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Does Behavioral Economics Matter?

posted by Adam Levitin

The New Republic (yes it still exists) has a piece about whether behavioral economics will have as much influence in a Clinton administration as it did in the Obama administration. The unspoken assumption of the piece is that behavioral economics actually had a big influence in the Obama administration. Here's the thing:  as far as I can tell, behavioral economics has been basically irrelevant in the Obama administration.

Yes, Cass Sunstein was the head of OIRA for part of the Obama administration. But when Sunstein went on a post-administration victory lap giving talks at a bunch of law schools (including at Georgetown), it was notable how few concrete examples he could give of the influence of behavioral economics on policy. There is, to be sure, an executive order suggesting that agencies subject to the order consider behavioral implications in their rulemakings, but the only concrete example Sunstein had was the transformation of the food pyramid into a food plate. (If you missed that change, well, you aren't the only one.) It's not entirely clear to me what great behavioral implication is from going from a pyramid to a plate, much less how much influence it had on how anyone eats.  There are, apparently, a bunch of other behaviorally-influenced moves according to a recent White House report.  But man, they are really small bore improvements on the margins (e.g., calling unemployed workers "job seekers" rather than "claimants"). If this is the highwater mark for behavioral economics, then it has truly fizzled as a policy move.  

What's really notable is the absence of explicit behavioral economics moves in areas like consumer finance. I can't identify anything in the CFPB's rulemaking that is obviously behavioral, even with noted behavioral economist Sendil Mullainathan having been the head of research at the CFPB. The best I can do is point to the Fed's 2010 overdraft rulemaking having an opt-in, rather than an opt-out requirement, but that could have happened without behavioral economics.  

All in all, behavioral economics seems, at least at this point, to have disappointed as a regulatory tool. It has been quite successful as a diagnostic or explanatory tool, but it seems much harder to translate into actual regulations.  Given that, I find myself wondering what its place will be in the legal academy. A decade ago, when my academic career was starting, behavioral was all the rage.  But from today's standpoint it really seems to have crested.  Indeed, we've been seeing the academic pushback or skepticism, not just from the adherents of neoclassical economics, but also from those who are more open to behavioral approaches. (See, e.g., here, here, here, and here.) Thus, I would not at all be surprised if behavioral economics fades into the background in a Clinton administration, not because of any opposition to behavioral economics, but rather because it just doesn't add that much on policy issues in most cases.  Behavioral moves are part of the policy toolkit, but they are unlikely to be transformative tools.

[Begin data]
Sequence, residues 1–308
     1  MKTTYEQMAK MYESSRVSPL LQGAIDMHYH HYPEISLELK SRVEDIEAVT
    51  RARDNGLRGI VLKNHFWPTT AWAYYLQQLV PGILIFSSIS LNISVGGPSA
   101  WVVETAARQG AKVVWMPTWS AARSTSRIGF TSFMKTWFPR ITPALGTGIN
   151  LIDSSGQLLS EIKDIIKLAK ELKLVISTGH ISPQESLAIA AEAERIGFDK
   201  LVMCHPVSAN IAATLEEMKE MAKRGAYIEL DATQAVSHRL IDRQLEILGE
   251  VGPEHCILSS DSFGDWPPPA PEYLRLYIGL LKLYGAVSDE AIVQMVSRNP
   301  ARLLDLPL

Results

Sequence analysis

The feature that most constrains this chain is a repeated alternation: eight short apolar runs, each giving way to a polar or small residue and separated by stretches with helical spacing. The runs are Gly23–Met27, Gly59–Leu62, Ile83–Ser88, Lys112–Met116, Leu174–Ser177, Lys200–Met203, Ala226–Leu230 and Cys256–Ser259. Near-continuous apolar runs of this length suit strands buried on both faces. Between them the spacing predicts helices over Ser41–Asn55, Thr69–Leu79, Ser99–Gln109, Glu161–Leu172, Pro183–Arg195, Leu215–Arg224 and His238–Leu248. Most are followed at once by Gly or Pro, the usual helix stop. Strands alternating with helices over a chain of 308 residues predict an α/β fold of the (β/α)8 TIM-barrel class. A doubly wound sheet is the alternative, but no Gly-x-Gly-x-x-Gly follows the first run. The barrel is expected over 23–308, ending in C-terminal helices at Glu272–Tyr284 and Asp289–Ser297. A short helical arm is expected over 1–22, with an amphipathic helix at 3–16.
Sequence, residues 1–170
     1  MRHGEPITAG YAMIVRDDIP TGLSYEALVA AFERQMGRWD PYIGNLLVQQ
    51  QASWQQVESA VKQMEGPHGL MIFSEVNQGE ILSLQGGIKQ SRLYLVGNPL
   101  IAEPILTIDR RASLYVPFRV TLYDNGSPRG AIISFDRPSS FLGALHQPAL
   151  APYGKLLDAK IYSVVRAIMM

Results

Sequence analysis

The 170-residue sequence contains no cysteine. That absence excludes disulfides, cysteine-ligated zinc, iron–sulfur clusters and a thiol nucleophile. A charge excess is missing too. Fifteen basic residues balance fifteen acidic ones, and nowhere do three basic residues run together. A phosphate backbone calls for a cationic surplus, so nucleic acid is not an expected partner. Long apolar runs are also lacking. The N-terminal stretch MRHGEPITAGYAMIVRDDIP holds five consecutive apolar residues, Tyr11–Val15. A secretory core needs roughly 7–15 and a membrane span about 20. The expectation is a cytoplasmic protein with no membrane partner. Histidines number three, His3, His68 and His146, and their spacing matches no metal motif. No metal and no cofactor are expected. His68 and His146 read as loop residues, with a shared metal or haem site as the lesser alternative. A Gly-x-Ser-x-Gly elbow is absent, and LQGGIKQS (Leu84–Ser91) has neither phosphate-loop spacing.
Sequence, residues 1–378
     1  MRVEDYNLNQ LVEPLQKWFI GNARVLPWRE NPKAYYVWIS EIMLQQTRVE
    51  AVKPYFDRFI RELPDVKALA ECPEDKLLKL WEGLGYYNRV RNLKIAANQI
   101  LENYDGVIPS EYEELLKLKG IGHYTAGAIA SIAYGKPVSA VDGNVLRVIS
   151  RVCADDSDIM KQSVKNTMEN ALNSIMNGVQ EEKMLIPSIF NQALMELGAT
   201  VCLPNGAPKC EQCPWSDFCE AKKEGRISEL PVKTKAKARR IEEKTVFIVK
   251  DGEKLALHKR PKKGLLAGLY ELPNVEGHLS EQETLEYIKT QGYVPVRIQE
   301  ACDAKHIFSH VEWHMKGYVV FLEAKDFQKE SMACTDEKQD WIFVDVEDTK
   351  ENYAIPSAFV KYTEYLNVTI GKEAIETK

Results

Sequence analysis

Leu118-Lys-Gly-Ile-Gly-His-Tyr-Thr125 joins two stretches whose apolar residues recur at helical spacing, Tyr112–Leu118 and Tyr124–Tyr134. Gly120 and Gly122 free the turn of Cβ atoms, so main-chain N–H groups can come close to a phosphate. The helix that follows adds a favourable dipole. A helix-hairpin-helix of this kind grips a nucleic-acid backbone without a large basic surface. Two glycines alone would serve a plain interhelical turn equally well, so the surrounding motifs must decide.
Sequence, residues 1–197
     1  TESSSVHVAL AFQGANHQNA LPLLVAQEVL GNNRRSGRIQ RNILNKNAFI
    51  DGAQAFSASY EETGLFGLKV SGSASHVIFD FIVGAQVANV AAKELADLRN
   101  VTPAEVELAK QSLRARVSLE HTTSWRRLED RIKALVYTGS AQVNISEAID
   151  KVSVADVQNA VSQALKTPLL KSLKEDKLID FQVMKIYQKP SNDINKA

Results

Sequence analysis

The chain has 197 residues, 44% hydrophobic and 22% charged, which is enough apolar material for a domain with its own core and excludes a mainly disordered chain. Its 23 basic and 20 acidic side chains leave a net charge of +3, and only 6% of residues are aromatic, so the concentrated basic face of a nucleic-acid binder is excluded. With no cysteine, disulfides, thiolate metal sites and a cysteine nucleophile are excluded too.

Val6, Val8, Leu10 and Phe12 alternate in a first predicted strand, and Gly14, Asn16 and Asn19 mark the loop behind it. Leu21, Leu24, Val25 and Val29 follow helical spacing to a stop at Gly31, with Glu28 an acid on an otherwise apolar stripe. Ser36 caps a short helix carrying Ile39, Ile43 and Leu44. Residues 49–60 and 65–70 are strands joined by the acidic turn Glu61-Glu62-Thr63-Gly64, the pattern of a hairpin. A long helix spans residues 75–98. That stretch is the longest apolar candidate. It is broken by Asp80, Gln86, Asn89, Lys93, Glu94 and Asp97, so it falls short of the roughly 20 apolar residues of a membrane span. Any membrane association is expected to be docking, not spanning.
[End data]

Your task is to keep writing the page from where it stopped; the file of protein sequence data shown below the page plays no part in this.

* As an aside, I'd observe that behavioral economics is not an inherently pro-consumer move, as casual observers might assume. For example, in the class action context, behavioral economics actually argues against class certification in some cases because different consumers might perceive or understand things differently because not all consumers display the same behavioral biases equally. (And this is something the defense bar is aware of--I've been asked about this in deposition.) 


Wasn't the shift from opt-in to opt-out 401k contributions motivated by a Department of Labor initiative?

The shift to 401k opt-ins predates the Obama administration. Congress passed the legislation facilitating it in 2006, and the DOL issued the implementing rules in 2007.

I took a look at the Yale LJ article you linked to, and I think there's a problem that legal literature is missing the fact that the relevant distinction in the economic literature is not between "neoclassical" and "behavioral." The relevant distinction in the economic literature is between "neoclassical" and "game theoretic," with behavioral as something of a side show. (e.g. the CFPB is very clearly born of game theory techniques and the analysis of asymmetric information and strategic behavior, not of behavioral analysis.)

What the Obama administration has done is accelerated the adoption of policy that assumes fundamental failure of neoclassical analysis and takes information asymmetries and strategic behavior seriously. IOW game theory is treated as more relevant than neoclassical analysis. Behavioral economics isn't really what's relevant here.

Focusing on the fact that behavioral economics hasn't affected policy much likely creates confusion, when we finally have policy makers taking the critiques of neoclassical economics seriously and moving beyond disclosure-based approaches.

Bookmarking this. Thanks for sharing.

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